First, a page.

The voluntary committee Chairperson in June 2020 will encounter challenges never envisaged when elected. The role now involves resuming activities while coping with new financial and regulatory realities. Fear is an understandable emotion coupled with a sense of being overwhelmed.
The following list is by no means exhaustive but could apply to anyone in a leadership role;
· Look after your own mental and physical health; a stressed boss is no good to anyone.
· Concentrate on what you can control.
· Learn to say no; don’t agree to every invitation inside or outside the organisation.
· Reaffirm the mission and encourage members to contribute to its accomplishment.
· Use online apps to communicate virtually and accept that this is the new normal.
· The projections and budgets prepared at the most recent AGM are now redundant and the time between now and the next AGM should be treated as a separate accounting period.
· Ask the treasurer to prepare a current statement of account and supplementary budget along with long term projections, following extensive consultation.
· Revise the strategic plan.
· Contact the executive members 1-2-1 and discuss the new reality.
· Create sub committees to deal with; safety, IT, debt, fundraising, grant applications.
· Circulate all the members with the supplementary budget and protocols to recommence operations. Ask for suggestions.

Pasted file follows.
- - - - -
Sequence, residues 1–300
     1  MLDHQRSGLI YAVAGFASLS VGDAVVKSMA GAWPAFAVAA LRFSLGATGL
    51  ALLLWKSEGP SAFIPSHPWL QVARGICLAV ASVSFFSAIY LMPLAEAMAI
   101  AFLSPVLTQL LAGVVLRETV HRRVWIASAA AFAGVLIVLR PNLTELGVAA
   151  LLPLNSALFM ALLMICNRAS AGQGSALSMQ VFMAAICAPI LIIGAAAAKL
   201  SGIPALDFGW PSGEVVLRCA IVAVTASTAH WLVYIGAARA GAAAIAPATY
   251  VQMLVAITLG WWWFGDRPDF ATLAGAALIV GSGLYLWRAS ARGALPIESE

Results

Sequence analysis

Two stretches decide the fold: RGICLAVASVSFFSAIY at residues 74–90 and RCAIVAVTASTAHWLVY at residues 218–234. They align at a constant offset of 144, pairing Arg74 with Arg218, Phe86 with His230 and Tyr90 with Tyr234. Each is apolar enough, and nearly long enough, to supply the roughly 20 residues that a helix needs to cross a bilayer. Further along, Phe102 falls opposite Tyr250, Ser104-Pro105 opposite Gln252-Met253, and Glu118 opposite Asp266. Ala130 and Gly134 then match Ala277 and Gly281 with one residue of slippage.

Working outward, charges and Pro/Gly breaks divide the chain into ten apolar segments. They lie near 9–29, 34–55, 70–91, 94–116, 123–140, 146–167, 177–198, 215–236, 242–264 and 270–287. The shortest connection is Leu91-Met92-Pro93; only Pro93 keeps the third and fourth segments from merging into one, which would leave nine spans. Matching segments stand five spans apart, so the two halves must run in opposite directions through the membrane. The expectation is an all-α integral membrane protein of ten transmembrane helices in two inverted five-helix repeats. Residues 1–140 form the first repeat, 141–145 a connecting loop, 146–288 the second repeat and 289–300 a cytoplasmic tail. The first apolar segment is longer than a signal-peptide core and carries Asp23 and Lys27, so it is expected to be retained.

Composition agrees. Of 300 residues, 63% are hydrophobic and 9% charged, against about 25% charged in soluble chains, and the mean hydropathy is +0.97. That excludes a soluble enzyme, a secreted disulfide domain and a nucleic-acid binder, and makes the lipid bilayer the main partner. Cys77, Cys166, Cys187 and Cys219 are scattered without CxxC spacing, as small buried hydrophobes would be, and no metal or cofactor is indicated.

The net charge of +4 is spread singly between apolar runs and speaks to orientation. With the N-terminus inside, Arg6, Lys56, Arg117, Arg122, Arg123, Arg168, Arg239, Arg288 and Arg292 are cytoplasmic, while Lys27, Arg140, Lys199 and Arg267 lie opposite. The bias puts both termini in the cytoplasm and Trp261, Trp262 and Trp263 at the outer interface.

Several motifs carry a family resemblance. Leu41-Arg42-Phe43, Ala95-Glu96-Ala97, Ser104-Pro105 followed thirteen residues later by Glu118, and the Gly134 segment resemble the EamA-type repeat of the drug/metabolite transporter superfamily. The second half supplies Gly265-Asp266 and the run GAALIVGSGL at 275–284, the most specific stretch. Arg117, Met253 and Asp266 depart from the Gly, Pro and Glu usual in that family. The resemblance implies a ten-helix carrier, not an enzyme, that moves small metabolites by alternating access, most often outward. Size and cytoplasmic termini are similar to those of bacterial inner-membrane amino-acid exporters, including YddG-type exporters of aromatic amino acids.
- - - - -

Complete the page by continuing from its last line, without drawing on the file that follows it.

· Make a list of the most important contacts for the committee and communicate with them, in rotation; employees, managers, coaches, sponsors, County committee, national executive, media and suppliers. Do this on an ongoing basis.
· Consider a top-up of membership fees; a modest extra boost from every member could go a long way.
· Prepare the ground for online fundraising using the club’s and members’ email lists; the size of these lists will dictate the level of success.
· Recruit experts in IT from within the membership and use them effectively.
· Allocate the task of constantly updating the email list.
· Consider a webinar to discuss the organisation’s future and capture contact information.
· Avoid negative people (easier said than done).
Your members want to see the group progressing and you must ‘sell’ a long term vision rather than a ‘firefighting’ exercise; you must communicate with everyone. Encourage your team to set higher targets than before; to actually come out of this situation stronger.
Harness that goodwill.